Bergamot Oil: Uses and Health Benefits
|Bergamot Oil: Uses and Health Benefits||Darrell Miller||02/13/14|
February 13, 2014 05:55 AM
Author: Darrell Miller (email@example.com)
Subject: Bergamot Oil: Uses and Health Benefits
What is bergamot
Bergamot citrus or the bergamot orange is the fruit from which bergamot oil is derived. Taken from the peel of the fruit, the oil is pressed out of the rind through cold compression. The citrus originally came from tropical Asia but is now grown in Europe, mainly the southern part of Italy, but also in Morocco and the Ivory Coast. It takes name from an Italian city in Lombardy called Bergamot.
This oil has a long history of use as a food flavoring and perfume fragrance, but it also has several other less commonly known uses due to its therapeutic properties. The oil has been utilized as an analgesic, a stimulant, antidepressant, antiseptic, antibiotic, disinfectant, and as a circulatory and digestive aid.
By stimulating the production of hormones, bergamot oil deadens the nerves to pain. It is very effective for headaches, muscle pain and other pain ailments. Use of the oil can lower the need for over-the-counter (OTC) medications, therefore reducing a person's chance of liver damage or gastric upset caused by many OTC pain relievers. The oil also known to lower the body temperature, making it an excellent anti-febrile agent.
Anti-depressant Effects and Stimulant Properties
Produce both soothing and stimulating effects in the body, bergamot oil has been used as an anti-depressant and a metabolic stimulant. Components of the oil calm the nerves by increasing blood flow thereby creating pleasant feelings. By inducing secretion of certain hormones, bergamot oil helps the body to maintain a proper metabolic rate. It is also used in aromatherapy, specifically to calm anxiety during radiation treatments.
Antiseptic, Antibiotic and Disinfectant Uses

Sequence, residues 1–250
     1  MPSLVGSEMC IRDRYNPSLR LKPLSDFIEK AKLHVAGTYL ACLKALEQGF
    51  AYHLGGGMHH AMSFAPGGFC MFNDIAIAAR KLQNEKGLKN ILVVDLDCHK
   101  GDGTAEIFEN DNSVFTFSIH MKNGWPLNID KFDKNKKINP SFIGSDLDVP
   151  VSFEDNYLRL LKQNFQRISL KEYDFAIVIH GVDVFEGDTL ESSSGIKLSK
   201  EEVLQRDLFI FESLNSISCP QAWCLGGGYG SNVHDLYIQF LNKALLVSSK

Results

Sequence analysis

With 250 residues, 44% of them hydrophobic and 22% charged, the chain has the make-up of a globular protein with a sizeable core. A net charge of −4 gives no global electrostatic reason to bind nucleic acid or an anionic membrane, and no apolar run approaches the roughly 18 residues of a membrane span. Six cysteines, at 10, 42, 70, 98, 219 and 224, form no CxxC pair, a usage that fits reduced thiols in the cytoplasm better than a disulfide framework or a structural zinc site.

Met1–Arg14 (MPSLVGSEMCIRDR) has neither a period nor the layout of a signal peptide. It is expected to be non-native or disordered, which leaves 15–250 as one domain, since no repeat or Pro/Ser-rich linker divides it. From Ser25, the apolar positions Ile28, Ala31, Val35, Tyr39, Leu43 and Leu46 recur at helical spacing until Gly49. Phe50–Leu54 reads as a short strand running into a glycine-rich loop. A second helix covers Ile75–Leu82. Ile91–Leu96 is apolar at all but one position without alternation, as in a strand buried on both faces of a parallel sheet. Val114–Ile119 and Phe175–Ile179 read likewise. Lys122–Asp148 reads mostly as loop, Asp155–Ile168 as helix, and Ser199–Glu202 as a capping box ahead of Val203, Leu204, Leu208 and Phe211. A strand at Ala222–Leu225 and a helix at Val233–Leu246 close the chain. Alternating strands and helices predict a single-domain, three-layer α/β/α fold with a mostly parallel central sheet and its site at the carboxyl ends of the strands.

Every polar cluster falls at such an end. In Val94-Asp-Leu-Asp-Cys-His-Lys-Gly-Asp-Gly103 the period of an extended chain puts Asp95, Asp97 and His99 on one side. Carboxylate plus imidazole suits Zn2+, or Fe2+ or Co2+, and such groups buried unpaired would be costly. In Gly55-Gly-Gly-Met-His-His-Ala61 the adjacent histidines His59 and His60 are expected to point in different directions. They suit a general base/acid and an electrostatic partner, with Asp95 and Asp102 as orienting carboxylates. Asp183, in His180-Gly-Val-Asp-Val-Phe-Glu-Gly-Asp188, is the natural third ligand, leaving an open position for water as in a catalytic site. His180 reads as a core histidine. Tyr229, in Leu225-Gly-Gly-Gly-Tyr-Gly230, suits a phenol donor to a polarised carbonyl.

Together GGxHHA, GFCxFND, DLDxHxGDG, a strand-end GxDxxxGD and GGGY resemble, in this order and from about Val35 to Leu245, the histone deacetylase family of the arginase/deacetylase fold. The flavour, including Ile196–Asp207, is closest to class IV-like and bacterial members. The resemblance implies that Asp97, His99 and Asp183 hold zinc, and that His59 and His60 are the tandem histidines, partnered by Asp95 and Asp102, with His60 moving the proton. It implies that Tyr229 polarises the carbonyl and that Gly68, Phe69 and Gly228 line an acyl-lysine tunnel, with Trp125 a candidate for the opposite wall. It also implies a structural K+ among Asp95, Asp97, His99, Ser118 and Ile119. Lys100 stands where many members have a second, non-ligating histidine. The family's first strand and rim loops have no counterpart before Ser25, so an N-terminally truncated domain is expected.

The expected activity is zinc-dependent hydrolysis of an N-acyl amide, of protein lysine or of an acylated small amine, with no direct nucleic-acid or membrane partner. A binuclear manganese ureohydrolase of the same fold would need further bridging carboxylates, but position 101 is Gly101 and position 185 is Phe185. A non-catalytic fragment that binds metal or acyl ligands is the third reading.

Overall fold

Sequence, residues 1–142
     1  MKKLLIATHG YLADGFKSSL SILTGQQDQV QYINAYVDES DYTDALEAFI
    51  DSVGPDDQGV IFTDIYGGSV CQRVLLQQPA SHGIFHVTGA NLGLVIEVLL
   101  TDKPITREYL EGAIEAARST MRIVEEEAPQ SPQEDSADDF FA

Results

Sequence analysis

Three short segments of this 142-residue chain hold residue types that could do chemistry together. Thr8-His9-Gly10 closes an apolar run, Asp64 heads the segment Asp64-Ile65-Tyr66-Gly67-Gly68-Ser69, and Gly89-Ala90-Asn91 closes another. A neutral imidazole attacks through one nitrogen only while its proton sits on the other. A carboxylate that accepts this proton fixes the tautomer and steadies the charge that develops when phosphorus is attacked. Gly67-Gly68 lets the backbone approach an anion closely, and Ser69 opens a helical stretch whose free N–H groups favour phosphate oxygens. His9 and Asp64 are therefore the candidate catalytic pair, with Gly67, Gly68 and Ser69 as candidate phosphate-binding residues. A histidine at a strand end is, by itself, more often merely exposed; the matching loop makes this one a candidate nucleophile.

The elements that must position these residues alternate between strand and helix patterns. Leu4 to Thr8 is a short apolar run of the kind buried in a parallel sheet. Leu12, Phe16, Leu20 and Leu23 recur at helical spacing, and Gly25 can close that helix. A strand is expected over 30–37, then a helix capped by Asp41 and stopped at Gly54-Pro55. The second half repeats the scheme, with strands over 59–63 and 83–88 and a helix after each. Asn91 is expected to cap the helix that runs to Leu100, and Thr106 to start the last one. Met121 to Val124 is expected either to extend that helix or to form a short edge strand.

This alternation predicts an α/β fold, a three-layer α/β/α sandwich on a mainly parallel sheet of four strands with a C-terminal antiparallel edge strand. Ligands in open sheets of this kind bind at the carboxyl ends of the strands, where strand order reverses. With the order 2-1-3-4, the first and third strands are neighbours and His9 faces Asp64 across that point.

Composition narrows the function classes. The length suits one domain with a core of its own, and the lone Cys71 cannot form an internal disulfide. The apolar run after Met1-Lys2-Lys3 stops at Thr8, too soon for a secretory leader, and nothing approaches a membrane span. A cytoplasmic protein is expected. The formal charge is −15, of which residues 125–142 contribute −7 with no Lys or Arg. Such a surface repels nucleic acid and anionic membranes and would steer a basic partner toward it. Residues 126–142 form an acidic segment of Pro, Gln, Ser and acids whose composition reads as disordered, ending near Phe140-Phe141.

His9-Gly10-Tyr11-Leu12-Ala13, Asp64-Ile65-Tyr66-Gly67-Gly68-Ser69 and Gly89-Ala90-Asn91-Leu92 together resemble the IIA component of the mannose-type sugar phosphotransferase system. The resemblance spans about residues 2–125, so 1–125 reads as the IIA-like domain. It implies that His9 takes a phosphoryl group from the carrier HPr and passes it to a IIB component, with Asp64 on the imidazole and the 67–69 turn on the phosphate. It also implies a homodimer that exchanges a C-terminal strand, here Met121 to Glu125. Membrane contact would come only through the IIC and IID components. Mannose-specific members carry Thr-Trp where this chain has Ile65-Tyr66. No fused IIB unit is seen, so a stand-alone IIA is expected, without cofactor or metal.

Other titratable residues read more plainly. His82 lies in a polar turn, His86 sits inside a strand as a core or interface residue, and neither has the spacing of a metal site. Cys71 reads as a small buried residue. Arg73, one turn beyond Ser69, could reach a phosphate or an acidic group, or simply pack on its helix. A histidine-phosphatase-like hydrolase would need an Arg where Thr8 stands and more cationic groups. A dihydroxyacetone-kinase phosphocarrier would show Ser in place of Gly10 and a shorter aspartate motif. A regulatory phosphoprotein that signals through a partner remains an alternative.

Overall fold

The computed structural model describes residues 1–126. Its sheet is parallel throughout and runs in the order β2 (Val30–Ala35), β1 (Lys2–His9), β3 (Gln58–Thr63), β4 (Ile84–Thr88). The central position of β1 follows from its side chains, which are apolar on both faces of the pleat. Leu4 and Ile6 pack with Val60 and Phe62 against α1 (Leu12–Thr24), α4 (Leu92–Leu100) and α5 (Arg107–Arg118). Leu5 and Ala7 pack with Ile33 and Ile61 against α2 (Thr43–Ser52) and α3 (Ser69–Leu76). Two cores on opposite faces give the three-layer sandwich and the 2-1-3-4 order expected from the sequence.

A natural antibacterial and anti-fungal agent, bergamot oil has long been used in the treatment of infections, including certain skin conditions such as acne and mycosis fungoides, a fungal infection that causes tumors on the skin. It has also been used to treat unitary tract, colon, respiratory and kidney infections as well as vaginal yeast infections cause by Candida albicans. Its antibiotic and disinfectant properties make this oil a perfect antiseptic for treating wounds, rashes and other topical conditions which could result in a nasty infection.
Using the oil will assist in the secretion of digestive enzymes and acid, therefore aiding in digestion and reducing gastrointestinal problems such as constipation, gas and bloating
Heart Healthy Benefits
By inhibiting the enzyme, HMG-CoA reductase, bergamot oil helps reduce the amount of "bad" cholesterol, LDL in the body and also dilates the blood vessels which assists in lowering blood pressure.
Some words of caution: bergamot oil must be stored in a dark bottle away from sunlight due to its component, bergaptene, which will turn poisonous if exposed to light. Also,users should avoid from exposure to sunlight since use of the oil on skin will cause a person to become photosensitive.